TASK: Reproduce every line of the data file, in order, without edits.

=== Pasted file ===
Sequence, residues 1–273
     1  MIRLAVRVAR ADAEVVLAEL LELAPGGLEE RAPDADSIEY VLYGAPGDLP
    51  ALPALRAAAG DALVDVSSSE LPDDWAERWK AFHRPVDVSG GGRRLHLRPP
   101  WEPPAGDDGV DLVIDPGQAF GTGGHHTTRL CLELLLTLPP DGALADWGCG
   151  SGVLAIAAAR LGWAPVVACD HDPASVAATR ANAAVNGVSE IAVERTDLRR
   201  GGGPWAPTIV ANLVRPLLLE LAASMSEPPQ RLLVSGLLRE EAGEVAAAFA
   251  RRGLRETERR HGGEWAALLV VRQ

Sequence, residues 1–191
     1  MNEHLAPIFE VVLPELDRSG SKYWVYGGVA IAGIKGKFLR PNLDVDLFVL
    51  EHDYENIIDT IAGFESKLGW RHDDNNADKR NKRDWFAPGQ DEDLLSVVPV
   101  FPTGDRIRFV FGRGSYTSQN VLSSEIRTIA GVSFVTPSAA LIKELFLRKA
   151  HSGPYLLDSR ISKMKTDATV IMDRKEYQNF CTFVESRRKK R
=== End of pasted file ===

Sequence, residues 1–273
     1  MIRLAVRVAR ADAEVVLAEL LELAPGGLEE RAPDADSIEY VLYGAPGDLP
    51  ALPALRAAAG DALVDVSSSE LPDDWAERWK AFHRPVDVSG GGRRLHLRPP
   101  WEPPAGDDGV DLVIDPGQAF GTGGHHTTRL CLELLLTLPP DGALADWGCG
   151  SGVLAIAAAR LGWAPVVACD HDPASVAATR ANAAVNGVSE IAVERTDLRR
   201  GGGPWAPTIV ANLVRPLLLE LAASMSEPPQ RLLVSGLLRE EAGEVAAAFA
   251  RRGLRETERR HGGEWAALLV VRQ

Sequence, residues 1–191
     1  MNEHLAPIFE VVLPELDRSG SKYWVYGGVA IAGIKGKFLR PNLDVDLFVL
    51  EHDYENIIDT IAGFESKLGW RHDDNNADKR NKRDWFAPGQ DEDLLSVVPV
   101  FPTGDRIRFV FGRGSYTSQN VLSSEIRTIA GVSFVTPSAA LIKELFLRKA
   151  HSGPYLLDSR ISKMKTDATV IMDRKEYQNF CTFVESRRKK R